As the weeks of silence rolled on, music came into my head … and stayed. I was awake 18 hours a day and I’d guess that towards the end of the retreat the songs were alive and well for 16 of those hours. First it was recognizable tunes, such as “All Through The Night” and “Pachelbel Canon”. But then the words and known melodies faded away, in favour of unknown music. I went for a three mile walk every day and one particular melody stayed with me for the whole time. It was vibrant and danceable, and my body often responded with a jig and a jag. That one song went on for an hour or more.
During periods of sitting meditation, the melodies were usually slow and sweet but occasionally the orchestra inside my head would swell to ecstatic highs – great runs of fast notes. My head and the rest of my body rose up. I was still sitting but my spine was erect. It felt like I was reaching for heaven. I worried that my fellow yogis could hear my silent singing. One of my teachers commented, “Bruce, have you ever heard music that’s inside people? No? Neither have I. They can’t hear you!”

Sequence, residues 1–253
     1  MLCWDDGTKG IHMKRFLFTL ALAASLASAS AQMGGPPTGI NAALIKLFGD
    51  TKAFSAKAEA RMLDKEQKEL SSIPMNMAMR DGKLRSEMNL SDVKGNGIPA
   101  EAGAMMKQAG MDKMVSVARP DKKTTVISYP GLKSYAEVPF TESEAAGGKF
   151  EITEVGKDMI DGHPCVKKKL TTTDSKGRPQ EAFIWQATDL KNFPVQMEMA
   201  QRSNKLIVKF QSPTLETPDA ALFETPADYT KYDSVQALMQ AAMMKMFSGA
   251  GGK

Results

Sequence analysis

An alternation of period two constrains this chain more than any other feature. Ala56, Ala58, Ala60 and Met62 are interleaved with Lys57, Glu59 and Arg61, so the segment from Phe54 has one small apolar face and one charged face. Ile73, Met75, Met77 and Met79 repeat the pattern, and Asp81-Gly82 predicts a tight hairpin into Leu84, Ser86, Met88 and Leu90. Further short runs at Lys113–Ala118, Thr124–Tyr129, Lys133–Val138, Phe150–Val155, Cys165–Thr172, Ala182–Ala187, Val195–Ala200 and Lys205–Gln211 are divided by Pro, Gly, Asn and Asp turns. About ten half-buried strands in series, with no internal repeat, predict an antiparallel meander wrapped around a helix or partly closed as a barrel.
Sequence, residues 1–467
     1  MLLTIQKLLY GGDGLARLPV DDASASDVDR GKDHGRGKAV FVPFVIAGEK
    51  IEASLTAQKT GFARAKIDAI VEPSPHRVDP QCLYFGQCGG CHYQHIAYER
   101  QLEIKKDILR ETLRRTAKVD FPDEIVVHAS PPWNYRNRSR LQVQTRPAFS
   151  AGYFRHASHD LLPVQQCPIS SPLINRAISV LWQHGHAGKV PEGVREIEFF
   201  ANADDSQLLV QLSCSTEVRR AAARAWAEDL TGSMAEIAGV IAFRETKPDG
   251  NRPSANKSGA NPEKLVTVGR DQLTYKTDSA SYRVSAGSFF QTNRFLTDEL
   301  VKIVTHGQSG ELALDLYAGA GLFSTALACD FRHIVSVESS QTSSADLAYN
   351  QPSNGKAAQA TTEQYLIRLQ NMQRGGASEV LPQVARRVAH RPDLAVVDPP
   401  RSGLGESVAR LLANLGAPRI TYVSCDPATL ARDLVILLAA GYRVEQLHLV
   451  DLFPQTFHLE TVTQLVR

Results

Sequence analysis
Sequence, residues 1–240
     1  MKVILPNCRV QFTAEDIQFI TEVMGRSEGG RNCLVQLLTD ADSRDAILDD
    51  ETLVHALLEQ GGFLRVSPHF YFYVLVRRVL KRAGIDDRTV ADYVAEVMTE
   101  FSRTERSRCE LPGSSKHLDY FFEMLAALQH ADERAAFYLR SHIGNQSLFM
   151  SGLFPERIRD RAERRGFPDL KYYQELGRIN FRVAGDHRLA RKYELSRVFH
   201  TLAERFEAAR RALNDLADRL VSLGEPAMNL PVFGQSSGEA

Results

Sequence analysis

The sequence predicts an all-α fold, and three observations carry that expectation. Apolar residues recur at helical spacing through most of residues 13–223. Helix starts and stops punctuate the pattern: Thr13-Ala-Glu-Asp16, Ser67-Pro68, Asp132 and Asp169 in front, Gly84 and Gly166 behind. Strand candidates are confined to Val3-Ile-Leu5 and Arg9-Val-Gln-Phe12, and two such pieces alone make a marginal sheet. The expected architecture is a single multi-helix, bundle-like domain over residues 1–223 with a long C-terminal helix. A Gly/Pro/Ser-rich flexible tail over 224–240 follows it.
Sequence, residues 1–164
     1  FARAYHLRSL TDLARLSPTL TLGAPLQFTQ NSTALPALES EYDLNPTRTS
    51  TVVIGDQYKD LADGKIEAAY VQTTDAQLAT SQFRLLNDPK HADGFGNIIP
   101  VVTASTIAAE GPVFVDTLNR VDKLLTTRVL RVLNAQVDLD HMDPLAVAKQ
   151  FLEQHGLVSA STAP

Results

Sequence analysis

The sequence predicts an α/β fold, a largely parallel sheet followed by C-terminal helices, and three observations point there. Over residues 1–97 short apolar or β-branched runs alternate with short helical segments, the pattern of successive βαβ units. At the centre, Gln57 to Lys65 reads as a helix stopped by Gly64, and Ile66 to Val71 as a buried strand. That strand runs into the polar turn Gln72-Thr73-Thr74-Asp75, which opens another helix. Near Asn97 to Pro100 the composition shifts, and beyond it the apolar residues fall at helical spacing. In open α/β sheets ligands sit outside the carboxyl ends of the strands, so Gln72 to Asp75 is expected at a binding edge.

For the first few days back at home, the melodies kept coming. Now, two weeks from the end of the retreat, I don’t hear the songs anymore. And I miss them. Sometimes in the meditation hall, I tried to stop them. I scrunched my forehead. I lowered my head between my legs. And still the music flowed. I eventually let go and let it all wash over me. Now I want it to come back. And I can’t control that either. Ten days ago, I sat at the piano and felt the music in my fingers. I want to do that again.
I haven’t meditated much since I got home. Tomorrow, I’m going to sit for an hour or so and see what emerges. Not an act of will. A letting be. But I feel my attachment to the music. Like I did with Ginette, I need to let that go. By grace do we receive.
I might even go for a walk.